Design/methodology/approach

The theoretical model proposes that political skill will shape an individual's social network. Further, political skill within a network will influence the degree of complex knowledge sharing, which likely happens through the mechanism of affective- and cognitive-based trust.

Findings

Theoretical implications and future research directions are discussed.

Originality/value

Knowledge sharing is an inherently social process and as such occurs within the context of social networks in an organization. However, research to date has not fully explored the details of how and why complex knowledge sharing happens within a social network. Generally, theory on social networks has focused on structural qualities of a network, rather than the individual characteristics of the members of that network. This paper brings a more individual focus to social networks in theorizing the social process of knowledge sharing.

Details

International Journal of Organization Theory & Behavior, vol. 23 no. 2
Type: Research Article
ISSN: 1093-4537

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Article
Publication date: 20 August 2020

Fizza Rizvi and Akbar Azam

The purpose of this research is to investigate if employees possessing good political skill face less abusive behavior from their supervisors. Moreover, the gender of the…

Abstract

Purpose

The purpose of this research is to investigate if employees possessing good political skill face less abusive behavior from their supervisors. Moreover, the gender of the subordinate has been tested as a moderator between political skill and abusive supervision. Cultural and social factors prevailing in the research settings of Pakistan provide an ideal situation to test the relationship between political skill and abusive supervision.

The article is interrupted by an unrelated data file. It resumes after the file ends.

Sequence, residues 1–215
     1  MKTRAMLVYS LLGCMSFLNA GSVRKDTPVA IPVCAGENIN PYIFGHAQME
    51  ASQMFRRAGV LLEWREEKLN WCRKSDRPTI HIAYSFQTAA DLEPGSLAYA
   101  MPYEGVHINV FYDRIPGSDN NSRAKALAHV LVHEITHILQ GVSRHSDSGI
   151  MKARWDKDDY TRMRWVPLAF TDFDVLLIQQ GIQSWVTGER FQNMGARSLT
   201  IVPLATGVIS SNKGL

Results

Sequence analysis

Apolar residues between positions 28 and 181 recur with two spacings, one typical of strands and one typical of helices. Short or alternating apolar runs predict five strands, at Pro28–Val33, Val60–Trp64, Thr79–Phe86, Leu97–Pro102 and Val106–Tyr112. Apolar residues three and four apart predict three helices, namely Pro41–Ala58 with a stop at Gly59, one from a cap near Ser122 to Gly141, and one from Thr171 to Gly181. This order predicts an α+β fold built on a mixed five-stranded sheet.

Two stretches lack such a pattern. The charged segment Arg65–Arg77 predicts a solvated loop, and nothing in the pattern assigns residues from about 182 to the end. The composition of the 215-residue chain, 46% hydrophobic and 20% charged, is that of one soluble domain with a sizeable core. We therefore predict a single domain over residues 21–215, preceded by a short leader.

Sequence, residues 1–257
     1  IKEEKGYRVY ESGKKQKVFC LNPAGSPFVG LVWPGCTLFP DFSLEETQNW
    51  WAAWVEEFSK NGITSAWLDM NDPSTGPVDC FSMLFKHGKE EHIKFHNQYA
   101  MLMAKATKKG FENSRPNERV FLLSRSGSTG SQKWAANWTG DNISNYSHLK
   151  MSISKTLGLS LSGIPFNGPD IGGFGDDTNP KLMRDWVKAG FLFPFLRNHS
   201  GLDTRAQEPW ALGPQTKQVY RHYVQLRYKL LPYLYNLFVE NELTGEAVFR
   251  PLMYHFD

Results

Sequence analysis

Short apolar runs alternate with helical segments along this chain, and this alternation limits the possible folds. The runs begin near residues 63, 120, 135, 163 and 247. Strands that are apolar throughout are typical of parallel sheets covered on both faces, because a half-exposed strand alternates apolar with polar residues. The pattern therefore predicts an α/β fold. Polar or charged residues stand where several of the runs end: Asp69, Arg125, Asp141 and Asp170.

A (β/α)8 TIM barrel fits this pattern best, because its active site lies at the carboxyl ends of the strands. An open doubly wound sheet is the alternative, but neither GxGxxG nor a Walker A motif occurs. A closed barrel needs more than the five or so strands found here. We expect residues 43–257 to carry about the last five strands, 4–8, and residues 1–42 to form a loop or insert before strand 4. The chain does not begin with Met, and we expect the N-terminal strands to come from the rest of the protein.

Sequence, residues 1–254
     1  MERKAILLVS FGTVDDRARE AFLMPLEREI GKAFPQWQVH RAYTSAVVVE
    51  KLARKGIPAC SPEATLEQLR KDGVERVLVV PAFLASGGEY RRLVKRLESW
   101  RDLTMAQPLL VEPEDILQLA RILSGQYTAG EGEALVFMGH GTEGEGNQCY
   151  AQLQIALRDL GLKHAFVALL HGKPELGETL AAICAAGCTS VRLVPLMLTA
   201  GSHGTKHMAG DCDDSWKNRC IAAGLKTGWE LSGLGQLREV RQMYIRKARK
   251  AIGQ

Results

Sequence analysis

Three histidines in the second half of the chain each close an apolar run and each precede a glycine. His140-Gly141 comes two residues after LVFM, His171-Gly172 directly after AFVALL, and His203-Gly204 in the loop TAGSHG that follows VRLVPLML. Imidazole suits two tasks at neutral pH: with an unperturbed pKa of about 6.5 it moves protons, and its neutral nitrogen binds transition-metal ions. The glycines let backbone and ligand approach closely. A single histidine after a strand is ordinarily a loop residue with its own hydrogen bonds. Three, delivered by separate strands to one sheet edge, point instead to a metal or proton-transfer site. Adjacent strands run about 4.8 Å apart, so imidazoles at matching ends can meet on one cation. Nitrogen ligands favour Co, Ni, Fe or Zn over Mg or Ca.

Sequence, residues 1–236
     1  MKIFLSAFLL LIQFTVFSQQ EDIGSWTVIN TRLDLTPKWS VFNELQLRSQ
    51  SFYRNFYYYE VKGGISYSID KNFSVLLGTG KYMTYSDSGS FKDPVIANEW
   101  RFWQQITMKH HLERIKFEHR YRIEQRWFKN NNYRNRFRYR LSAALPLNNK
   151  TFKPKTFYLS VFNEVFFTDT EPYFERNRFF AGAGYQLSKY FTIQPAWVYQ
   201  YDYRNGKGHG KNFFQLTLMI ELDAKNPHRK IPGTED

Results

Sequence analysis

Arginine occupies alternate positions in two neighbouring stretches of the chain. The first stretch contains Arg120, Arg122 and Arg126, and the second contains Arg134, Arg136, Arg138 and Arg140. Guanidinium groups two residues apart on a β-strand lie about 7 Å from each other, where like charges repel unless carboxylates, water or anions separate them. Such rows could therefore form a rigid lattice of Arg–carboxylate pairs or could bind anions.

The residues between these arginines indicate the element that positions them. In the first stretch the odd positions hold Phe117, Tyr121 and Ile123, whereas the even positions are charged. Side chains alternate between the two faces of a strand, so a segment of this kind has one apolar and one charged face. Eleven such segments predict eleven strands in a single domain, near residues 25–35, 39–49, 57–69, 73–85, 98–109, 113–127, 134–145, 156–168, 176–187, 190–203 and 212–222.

Design/methodology/approach

The data were collected from 178 employees representing different sectors of Pakistani industry. To test the relationship between political skill and abusive supervision, simple linear regression was run and moderation was tested using PROCESS macro.

Findings

From the analysis, the major findings prove that political skill lessens abusive supervision. Moreover, due to the cultural settings, male subordinates use political skill more proficiently to avoid abusive supervision as compared to female subordinates.

Practical implications

The study suggests that in order to maintain harmony in the work environment, employees must learn political skill to avoid abusive supervision. Moreover, females must be given more chances to utilize their political skill to get positive outcomes.

Originality/value

This study fills up a significant gap in the literature, as there is scarce literature available that investigates the relationship between political skill and abusive supervision, specifically in Pakistan.

Details

South Asian Journal of Business Studies, vol. 10 no. 1
Type: Research Article
ISSN: 2398-628X

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Article
Publication date: 25 November 2020

Elliroma Gardiner and Jonas Debrulle

Across two studies, the current research investigates whether individuals high in maverickism, which incorporates tendencies of creativity, risk-taking, goal-orientation…

Abstract

Purpose